Murder and mayhem are on stage at the One Touch Theatre in Crimes Under the Sun. Presented by established company New Old Friends, formed by husband and wife team Feargus Woods Dunlop and Heather Westwell, Eden Court is the last date on their nationwide tour. Their comedy format is proving popular and playing to full houses.
This is a loving homage to Agatha Christie with some light hearted physical comedy and has all the elements you would expect from a spoof thriller. Performed by a cast of four playing fourteen different characters who are staying in a hotel on the English Riviera (perhaps Essex or better still the Isle of Wight!) the solving of the dastardly crime takes second place to the stock characters involved. The narrative is essentially confusing, of course, but the fun is to be had by the deft changes and comic situations.
With a simple and slightly rickety stage set, reminding the audience of drawing room comedies and dilapidated hotels on the south coast, this could almost be a comedy version of Terence Rattigan’s Separate Tables with a female Belgian detective thrown in for good measure and a splash of Dirty Rotten Scoundrels in the part of Lucien played by Jonny McClean. McClean plays four parts with an outstanding performance that uses his strong physicality, comic timing and energy. There is almost no need for him to change costume as his interpretation is strong enough alone, along with his dexterous handling of props.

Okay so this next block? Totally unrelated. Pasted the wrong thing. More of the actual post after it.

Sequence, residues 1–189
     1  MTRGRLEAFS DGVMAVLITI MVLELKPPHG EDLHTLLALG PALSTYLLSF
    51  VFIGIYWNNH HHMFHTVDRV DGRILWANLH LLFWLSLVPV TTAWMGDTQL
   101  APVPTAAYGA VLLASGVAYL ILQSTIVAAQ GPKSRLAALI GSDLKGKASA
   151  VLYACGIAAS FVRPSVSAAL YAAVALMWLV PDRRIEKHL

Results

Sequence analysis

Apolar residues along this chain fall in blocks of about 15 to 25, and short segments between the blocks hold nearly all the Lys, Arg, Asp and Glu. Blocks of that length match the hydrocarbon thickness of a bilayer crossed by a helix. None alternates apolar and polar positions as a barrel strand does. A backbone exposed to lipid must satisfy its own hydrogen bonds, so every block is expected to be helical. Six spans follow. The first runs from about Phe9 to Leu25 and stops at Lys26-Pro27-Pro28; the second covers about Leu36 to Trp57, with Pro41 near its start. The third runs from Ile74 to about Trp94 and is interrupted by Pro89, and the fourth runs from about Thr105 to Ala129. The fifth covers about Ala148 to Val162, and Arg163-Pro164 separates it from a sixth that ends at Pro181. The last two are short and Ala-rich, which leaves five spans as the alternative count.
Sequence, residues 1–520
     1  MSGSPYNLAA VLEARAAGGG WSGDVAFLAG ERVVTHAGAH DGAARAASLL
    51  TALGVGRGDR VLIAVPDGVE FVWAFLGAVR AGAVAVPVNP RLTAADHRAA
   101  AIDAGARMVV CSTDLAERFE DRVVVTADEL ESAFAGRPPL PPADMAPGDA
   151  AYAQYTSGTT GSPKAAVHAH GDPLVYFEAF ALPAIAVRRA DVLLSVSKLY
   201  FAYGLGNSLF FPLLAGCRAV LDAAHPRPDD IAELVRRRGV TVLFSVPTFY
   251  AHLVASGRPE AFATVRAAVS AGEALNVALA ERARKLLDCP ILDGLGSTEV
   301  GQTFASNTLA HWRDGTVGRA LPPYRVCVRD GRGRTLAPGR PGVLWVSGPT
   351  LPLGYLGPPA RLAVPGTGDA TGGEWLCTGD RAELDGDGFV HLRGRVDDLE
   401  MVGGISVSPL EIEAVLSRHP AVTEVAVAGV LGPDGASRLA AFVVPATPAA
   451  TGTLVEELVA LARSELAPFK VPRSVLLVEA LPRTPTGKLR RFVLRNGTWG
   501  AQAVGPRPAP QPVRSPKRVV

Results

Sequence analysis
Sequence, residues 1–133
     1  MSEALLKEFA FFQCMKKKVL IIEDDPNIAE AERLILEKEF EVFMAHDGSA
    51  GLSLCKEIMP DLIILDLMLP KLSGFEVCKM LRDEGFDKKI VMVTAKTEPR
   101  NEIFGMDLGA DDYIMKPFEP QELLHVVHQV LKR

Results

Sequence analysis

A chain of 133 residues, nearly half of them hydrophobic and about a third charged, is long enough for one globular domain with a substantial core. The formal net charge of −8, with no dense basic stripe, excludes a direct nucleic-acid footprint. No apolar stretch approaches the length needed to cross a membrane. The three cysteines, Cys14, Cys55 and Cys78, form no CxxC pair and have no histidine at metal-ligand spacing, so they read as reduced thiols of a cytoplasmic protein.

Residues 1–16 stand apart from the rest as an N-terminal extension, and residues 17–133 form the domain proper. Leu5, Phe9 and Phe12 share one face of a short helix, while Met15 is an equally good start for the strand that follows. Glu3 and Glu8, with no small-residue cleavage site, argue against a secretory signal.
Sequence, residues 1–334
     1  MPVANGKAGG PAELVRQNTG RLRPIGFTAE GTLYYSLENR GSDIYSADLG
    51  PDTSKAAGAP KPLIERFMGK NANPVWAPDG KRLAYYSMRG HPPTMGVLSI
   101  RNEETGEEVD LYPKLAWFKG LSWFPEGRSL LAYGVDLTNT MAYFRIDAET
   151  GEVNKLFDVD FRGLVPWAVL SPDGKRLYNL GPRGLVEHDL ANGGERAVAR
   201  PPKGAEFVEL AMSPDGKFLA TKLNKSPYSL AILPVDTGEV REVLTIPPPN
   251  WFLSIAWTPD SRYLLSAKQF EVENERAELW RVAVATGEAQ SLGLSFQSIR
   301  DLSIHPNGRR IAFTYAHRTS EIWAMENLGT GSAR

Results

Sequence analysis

Heather Westwell gets her chance to raise laughs from the audience when she plays three policemen simultaneously. Jill Myers playing Artemis Arinae, the Belgian detective, provides a solid anchor though sometimes it becomes difficult to follow her overlong exposition of the plot. However, she reminds the audience throughout that it is always Crimes Under the Sun in case they had forgotten what they are watching. And where did her name come from? A gaming avatar perhaps! The writer of the show Feargus Woods Dunlop has created three fun characters for himself and revels in the opportunity to use his height and body to portray them. His mock Irish accent as Father Ginnell wavers at times but we get the idea.
This is the third instalment of New Old Friends’ crime series of productions. The show is supported by Theatre Royal Bath and ran for the longest time for a visiting company in the new look Ustinov Studio. They obviously have a winning format, but the pacing of the two acts perhaps needs a better balance. Hopefully, they can emulate the success of other four handers in the London’s West End.